Now that it is winter, I thought I would post photos from the summer. We certainly didn’t have much time for posting on blogs when there were tomatoes to harvest, but now that the snow is flying we have a little time on our hands. I (Emily) am leaving for Europe in about a week for a couple of months to work on a few small organic farms in the UK with my sister and niece. Before it is too late I’d like to share some of the lessons we learned from this last summer. I spent a number of days making detailed records of each enterprise we had this summer and came up with some numbers that I’d like to share with you all. But first, here are some photos!
our tomato tunnel
Here is our tomato tunnel in full swing! We could hardly keep up with the harvesting and many of the tomatoes ended up as animal feed. We had always wanted to have too many tomatoes and it was fantastic! We were able to can to our hearts content, sell tomatoes at a reasonable price (well, a little too reasonable), and eat them for weeks!
We will be hosting a screening of “INHABIT: A Permaculture Perspective” on Thursday April 23, 2015, at 7pm in the AgriVino Event Center at Abbey Road Farm, in the Yamhill/Carlton area.
“INHABIT” is a beautifully done documentary following at least a dozen small farmers and permaculturalists from the Midwestern and Eastern States with a positive message of change through permaculture principles. If you are an organic farmer, student of permaculture, or interested in learning about a positive, hopeful path into the future, come watch the film! If you cannot attend, you can also rent, stream, or buy the DVD. To find out more about the movie itself, click on the picture below:
We will also be hosting a potluck dinner, and providing a smoked, pastured turkey! Bring a side dish or dessert and drinks & YOUR OWN PLATES AND SILVERWARE.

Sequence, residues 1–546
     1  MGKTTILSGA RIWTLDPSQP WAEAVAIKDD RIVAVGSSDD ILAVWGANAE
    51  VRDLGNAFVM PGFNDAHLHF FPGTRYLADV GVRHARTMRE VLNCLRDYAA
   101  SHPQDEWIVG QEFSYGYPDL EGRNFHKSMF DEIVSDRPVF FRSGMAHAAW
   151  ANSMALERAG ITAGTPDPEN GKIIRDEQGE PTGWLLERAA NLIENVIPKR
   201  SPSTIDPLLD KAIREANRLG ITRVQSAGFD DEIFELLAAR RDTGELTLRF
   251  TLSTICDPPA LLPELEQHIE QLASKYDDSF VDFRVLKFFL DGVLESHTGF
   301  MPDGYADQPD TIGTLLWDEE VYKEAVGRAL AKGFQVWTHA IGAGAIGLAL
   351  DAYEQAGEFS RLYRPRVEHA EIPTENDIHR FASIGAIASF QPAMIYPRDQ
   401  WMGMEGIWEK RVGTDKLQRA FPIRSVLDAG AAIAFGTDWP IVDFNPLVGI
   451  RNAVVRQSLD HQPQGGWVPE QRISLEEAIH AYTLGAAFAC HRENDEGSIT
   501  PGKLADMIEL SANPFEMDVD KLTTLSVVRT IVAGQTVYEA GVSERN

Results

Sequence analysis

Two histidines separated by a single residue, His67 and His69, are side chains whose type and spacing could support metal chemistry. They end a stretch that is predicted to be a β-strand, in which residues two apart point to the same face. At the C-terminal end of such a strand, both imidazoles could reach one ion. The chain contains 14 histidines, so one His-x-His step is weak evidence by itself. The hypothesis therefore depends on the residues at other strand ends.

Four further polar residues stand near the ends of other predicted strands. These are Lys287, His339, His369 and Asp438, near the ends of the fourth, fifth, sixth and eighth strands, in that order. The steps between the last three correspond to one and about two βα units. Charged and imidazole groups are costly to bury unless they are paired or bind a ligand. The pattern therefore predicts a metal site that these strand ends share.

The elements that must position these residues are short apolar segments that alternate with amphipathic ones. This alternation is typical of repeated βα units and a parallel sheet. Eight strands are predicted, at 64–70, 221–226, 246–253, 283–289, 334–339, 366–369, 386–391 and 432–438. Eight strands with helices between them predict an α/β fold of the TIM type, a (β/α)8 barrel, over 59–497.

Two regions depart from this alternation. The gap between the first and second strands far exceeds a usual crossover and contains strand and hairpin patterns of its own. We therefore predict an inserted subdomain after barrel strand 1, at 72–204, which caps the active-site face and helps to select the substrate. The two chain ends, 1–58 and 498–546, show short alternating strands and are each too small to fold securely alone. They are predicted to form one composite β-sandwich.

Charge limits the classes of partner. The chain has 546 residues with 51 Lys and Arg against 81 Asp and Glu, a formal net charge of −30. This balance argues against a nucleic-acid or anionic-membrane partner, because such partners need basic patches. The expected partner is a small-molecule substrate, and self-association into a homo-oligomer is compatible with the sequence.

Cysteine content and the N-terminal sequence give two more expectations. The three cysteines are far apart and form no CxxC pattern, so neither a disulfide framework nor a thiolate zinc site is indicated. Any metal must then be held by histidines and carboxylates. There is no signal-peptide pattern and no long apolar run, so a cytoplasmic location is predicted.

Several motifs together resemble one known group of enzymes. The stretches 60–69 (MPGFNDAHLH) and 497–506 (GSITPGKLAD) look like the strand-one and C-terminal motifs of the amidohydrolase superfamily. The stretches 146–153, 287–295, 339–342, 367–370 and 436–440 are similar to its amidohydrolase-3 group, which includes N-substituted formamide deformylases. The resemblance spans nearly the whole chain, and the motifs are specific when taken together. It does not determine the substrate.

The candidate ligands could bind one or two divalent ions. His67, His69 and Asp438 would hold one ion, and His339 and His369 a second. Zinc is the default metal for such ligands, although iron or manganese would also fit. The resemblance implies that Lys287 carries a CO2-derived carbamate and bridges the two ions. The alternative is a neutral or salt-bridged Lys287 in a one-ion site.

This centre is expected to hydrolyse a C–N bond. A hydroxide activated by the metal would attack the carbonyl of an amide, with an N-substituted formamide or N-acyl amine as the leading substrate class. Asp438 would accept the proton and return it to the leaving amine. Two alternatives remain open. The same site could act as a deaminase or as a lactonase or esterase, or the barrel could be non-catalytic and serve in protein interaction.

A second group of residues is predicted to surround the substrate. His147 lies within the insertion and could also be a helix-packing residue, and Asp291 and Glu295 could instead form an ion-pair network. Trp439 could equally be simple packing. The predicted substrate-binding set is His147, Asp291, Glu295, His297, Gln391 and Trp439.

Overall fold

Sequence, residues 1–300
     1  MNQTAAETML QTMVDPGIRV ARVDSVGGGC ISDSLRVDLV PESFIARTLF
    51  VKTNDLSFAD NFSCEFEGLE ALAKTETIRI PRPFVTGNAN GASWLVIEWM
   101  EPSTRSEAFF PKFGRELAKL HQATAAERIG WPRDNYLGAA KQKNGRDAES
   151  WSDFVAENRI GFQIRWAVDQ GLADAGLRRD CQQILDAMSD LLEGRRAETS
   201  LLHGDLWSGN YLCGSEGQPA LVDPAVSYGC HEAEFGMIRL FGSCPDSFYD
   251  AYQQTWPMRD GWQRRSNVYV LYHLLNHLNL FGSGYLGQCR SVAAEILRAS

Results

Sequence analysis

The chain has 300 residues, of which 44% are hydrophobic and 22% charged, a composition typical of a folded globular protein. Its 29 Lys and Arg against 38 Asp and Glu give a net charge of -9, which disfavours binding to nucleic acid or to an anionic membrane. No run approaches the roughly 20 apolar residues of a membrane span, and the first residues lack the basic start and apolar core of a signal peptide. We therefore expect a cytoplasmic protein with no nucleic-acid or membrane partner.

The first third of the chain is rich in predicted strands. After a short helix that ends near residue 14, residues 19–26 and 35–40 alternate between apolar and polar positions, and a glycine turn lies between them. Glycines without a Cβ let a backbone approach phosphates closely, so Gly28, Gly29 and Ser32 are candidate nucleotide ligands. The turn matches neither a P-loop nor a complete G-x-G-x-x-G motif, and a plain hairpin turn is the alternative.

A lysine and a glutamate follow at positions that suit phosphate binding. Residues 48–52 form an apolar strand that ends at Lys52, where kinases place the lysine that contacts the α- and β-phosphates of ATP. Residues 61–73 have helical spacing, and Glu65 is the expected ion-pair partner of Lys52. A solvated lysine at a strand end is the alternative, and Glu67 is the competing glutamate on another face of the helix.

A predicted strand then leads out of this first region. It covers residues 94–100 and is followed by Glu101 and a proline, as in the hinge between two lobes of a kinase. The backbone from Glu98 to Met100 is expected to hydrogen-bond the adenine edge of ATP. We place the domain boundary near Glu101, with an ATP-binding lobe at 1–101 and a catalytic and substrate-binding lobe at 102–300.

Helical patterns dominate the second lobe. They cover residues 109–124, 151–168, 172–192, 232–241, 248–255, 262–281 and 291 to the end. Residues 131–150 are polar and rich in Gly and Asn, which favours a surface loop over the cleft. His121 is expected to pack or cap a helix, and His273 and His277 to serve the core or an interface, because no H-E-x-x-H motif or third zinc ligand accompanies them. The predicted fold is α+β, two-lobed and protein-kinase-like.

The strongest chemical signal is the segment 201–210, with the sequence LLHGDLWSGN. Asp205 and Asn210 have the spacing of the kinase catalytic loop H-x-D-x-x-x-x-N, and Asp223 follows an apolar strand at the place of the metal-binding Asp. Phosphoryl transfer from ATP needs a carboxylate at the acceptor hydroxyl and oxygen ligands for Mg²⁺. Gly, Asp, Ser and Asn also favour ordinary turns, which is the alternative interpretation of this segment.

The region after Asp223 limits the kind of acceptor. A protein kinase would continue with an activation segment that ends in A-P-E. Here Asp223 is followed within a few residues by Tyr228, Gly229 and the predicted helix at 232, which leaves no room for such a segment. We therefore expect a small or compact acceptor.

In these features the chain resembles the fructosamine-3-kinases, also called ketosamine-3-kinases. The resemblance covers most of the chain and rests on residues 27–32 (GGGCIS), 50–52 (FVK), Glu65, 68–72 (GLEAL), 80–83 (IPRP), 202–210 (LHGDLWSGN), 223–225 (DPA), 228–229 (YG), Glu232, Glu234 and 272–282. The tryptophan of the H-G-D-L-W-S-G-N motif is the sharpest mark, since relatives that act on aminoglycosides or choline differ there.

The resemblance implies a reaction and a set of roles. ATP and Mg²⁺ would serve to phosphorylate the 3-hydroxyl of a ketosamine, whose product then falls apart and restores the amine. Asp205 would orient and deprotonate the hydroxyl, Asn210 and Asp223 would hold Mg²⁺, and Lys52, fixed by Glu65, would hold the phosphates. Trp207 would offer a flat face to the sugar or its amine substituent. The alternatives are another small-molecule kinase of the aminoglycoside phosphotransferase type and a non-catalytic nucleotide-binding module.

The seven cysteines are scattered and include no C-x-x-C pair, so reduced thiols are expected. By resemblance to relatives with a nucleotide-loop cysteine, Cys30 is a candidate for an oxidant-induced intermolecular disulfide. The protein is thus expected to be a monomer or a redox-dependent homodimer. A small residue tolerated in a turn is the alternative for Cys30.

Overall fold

We are hoping to gather a good group of people, and hope you can make it.
Please RSVP by emailing firstname.lastname@example.org
I recently watched an early screening of a film called: “INHABIT: A Permaculture Perspective” with the makers of the movie at the Permaculture Voices Conference in San Diego. It is truly worthwhile — the best of the food and agriculture documentaries that I have seen. I believe this film has the power to inspire and inform people of all ages and walks of life with the hope that there are good and positive changes happening in our food systems. The film is released on April 22, 2015, and can be viewed here on our blog. I am planning to buy a hardcopy and show this movie to as many people as possible!
Humanity is more than ever threatened by its own actions; we hear a lot about the need to minimize footprints and to reduce our impact. But what if our footprints were beneficial? What if we could meet human needs while increasing the health and well-being of our planet? This is the premise behind permaculture: a design process based on the replication of patterns found in nature. INHABIT explores the many environmental issues facing us today and examines solutions that are being applied using the ecological design lens of permaculture. Focused mostly on the Northeastern and Midwestern regions of the United States, Inhabit provides an intimate look at permaculture peoples and practices ranging from rural, suburban, and urban landscapes.